Recruiting Significance of a Big Ten Move

Rutgers and Maryland are in negotiations to join the Big Ten conference, but details still need to be completed. The perception is it would provide an immediate boon to recruiting for both schools. But is that true? FOXSportsNEXT's expert team of analysts gave their thoughts on what the move would mean for both schools.

Maryland and Rutgers are in discussions to join the Big Ten, and while the deal needs to be finalized, it would change the scope of recruiting for both programs.

The get a broad look at what it could mean for both schools, members of FOXSportsNEXT's team of national and regional analysts gave their thoughts on what a move from the ACC to the Big Ten would mean for Maryland, and what a move from the Big East to the Big Ten would mean for the Scarlet Knights.

Scott Kennedy, Director of Scouting
"I don't know that the immediate impact would be felt for either team. The biggest benefit would be the game day atmosphere week in and week out when playing teams like Ohio State, Wisconsin, Michigan, etc. Those teams travel well and have huge fan bases that will improve home games as compared to some of the teams they are forced to schedule now.

"Regionally speaking, Rutgers and Maryland both have the potential to own their recruiting areas. I think this may help Maryland recruit north a little more and Rutgers push west and take on Penn State and Pittsburgh with more frequency.

"I think the team that could be hurt the most, as if they needed another obstacle, is Penn State. Penn State makes a living in the Northeast, and having Rutgers in the conference would take away one of the bigger advantages they currently hold over the Scarlet Knights."

Brandon Huffman, National Recruiting Analyst (West)
"I think the move could pay off handsomely for both Rutgers and Maryland, on one hand, especially with recruiting. The Big Ten is a more high-profile football conference, with its own network that is available in far more homes than it isn't, and it would give Rutgers and Maryland an opportunity to recruit their respective regions more aggressively against Big Ten schools recruiting in that area.

"The other hand is, while Texas A&M has found some immediate success in its move to the SEC, Missouri, Utah and Colorado have all taken steps backwards from their previous stops, at least on the field. It could be that they need the move to settle for a few years, and get more of the recruits they've brought in as a result (of the move) onto the field. But right now, the dividends aren't paying off that well for those three."

Jamie Newberg, National Recruiting Analyst (South)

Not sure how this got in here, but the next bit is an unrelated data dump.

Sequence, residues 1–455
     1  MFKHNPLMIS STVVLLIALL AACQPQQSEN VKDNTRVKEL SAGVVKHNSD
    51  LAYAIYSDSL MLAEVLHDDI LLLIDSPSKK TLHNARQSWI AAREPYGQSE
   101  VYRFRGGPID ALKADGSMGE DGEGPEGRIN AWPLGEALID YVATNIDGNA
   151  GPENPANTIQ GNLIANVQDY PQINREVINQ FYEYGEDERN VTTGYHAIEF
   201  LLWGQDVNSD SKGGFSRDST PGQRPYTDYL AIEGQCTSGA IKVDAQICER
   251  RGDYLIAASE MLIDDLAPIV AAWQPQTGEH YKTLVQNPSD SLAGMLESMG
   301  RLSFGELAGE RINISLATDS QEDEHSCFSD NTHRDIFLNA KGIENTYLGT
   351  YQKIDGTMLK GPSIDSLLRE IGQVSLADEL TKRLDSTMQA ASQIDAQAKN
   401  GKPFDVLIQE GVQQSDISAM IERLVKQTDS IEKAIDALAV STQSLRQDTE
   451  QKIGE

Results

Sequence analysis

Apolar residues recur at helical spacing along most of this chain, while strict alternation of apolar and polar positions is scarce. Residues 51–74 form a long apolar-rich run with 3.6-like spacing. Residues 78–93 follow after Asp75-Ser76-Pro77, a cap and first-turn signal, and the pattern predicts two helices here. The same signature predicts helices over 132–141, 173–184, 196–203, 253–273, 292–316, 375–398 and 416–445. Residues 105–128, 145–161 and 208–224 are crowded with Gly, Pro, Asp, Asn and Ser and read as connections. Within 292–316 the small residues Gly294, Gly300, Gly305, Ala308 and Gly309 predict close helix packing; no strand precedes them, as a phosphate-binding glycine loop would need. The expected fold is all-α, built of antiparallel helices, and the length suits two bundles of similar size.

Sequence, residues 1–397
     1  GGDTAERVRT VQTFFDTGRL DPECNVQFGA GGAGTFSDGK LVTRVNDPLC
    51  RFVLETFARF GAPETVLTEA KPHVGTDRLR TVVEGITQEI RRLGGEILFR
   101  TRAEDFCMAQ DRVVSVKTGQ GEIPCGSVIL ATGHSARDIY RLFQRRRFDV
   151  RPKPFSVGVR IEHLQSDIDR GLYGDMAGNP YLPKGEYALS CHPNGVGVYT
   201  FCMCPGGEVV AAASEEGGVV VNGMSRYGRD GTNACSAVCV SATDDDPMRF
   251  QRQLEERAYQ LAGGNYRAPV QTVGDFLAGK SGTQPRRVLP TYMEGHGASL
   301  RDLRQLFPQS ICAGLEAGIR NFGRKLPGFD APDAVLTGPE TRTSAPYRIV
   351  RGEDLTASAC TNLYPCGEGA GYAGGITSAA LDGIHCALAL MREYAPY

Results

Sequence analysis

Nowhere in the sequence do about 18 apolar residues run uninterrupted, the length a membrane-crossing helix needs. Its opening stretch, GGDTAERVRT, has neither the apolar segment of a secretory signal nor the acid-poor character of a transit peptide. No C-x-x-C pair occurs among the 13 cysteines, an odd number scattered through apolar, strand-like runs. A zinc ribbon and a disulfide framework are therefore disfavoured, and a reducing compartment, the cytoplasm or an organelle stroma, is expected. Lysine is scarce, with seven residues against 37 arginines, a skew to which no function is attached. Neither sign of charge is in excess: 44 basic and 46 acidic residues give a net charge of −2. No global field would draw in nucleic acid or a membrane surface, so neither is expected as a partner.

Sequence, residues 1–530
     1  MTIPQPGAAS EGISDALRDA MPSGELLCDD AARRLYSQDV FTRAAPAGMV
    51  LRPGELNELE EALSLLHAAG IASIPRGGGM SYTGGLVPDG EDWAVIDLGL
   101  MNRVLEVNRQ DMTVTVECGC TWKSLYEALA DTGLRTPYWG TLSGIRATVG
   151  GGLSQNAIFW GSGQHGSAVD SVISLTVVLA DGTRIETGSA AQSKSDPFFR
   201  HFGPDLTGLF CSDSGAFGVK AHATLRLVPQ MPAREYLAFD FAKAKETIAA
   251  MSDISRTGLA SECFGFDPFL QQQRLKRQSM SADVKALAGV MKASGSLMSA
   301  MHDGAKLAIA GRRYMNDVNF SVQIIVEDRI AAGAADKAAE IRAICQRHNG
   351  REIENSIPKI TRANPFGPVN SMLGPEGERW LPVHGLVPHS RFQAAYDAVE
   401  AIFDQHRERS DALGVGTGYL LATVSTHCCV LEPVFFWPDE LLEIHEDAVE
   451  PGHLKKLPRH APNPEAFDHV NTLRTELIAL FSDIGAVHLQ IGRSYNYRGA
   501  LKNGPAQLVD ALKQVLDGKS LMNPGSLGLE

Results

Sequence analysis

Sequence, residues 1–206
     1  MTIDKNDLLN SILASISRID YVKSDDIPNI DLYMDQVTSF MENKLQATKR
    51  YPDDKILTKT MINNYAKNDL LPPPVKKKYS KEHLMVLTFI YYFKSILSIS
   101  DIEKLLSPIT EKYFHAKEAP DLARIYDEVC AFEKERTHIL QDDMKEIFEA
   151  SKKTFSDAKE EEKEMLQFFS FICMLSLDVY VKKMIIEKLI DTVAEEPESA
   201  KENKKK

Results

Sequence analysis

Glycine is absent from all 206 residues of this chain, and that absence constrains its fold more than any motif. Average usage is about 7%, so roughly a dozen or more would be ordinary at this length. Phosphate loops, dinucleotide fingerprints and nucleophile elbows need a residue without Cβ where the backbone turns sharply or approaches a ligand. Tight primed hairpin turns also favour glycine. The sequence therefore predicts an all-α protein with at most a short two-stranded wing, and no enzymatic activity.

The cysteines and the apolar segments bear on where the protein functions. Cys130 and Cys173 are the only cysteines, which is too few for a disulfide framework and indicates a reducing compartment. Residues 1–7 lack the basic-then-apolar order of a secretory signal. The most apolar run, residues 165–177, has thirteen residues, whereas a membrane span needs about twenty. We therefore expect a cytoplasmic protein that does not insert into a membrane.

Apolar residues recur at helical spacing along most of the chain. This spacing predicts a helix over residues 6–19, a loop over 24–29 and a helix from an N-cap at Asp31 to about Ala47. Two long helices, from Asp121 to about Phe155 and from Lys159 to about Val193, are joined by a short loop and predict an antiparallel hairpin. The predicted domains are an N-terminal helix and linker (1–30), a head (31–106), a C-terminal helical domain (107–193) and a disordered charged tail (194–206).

"I would think it would have a greater impact on Rutgers... moving from the Big East to the Big 10 is a bigger move, in my opinion, than Maryland leaving ACC for Big 10. Plain and simple, they would be moving into better conference so in theory their recruiting should improve.

"For Maryland, to me, that's more of a lateral football move. It will help both teams when recruiting the areas within the Big 10 - the states of Pa., Ohio, etc. At the same time, it could work against them, helping the existing Big 10 teams recruit New Jersey and Maryland/D.C. better. It should work both ways."

Allen Trieu, National Recruiting Analyst (Midwest)
"I don't know that it will change recruiting that much, at least for the short term. Nebraska's move to the Big Ten hasn't necessarily expanded recruiting into the Midlands for most Big Ten teams, but I think adding two East Coast teams could change that dynamic.

"Penn State, Michigan State, Ohio State, Michigan, and Iowa already recruit out there quite a bit, and the other schools typically dip into the Maryland/D.C./Pennsylvania area as well. I think it changes things for Rutgers and Maryland some, as neither actively recruit the Midwest. You've seen Nebraska start to recruit into Wisconsin and Ohio more and you might see Maryland and Rutgers do the same.

"However, I think, for the most part, these schools are going to continue to stick to their bread and butter and not change their recruiting tactics just because of new teams in the conference or because they themselves are joining a new conference."

Bill Greene, Ohio Recruiting Analyst
"For both Rutgers and Maryland, a move to the Big Ten gets them recognition in the state of Ohio, an area neither team spends much time recruiting. Ohio has approximately 150 Division-I prospects on an annual basis, so this could possibly expose both teams to a new area to recruit.

"The Big Ten network should not be discounted as a recruiting tool either, and the number of homes it reaches is substantial. One would have to believe the increase in revenue should filter down to the recruiting budgets of each school, which should enable them to target more areas."

Greg Biggins, National Recruiting Analyst (West)
"I think a move to the Big Ten could be big for both Rutgers and Maryland. Geographically, it would open up new areas to recruit from for both schools. The Big Then is a power conference, and the Midwest region is one of the most fertile recruiting grounds in the country.

"Rutgers and Maryland can go in to the homes of players in that region and sell them that if they come to their school, they'll be able to come back home and play in front of their friends and family multiple times every year."

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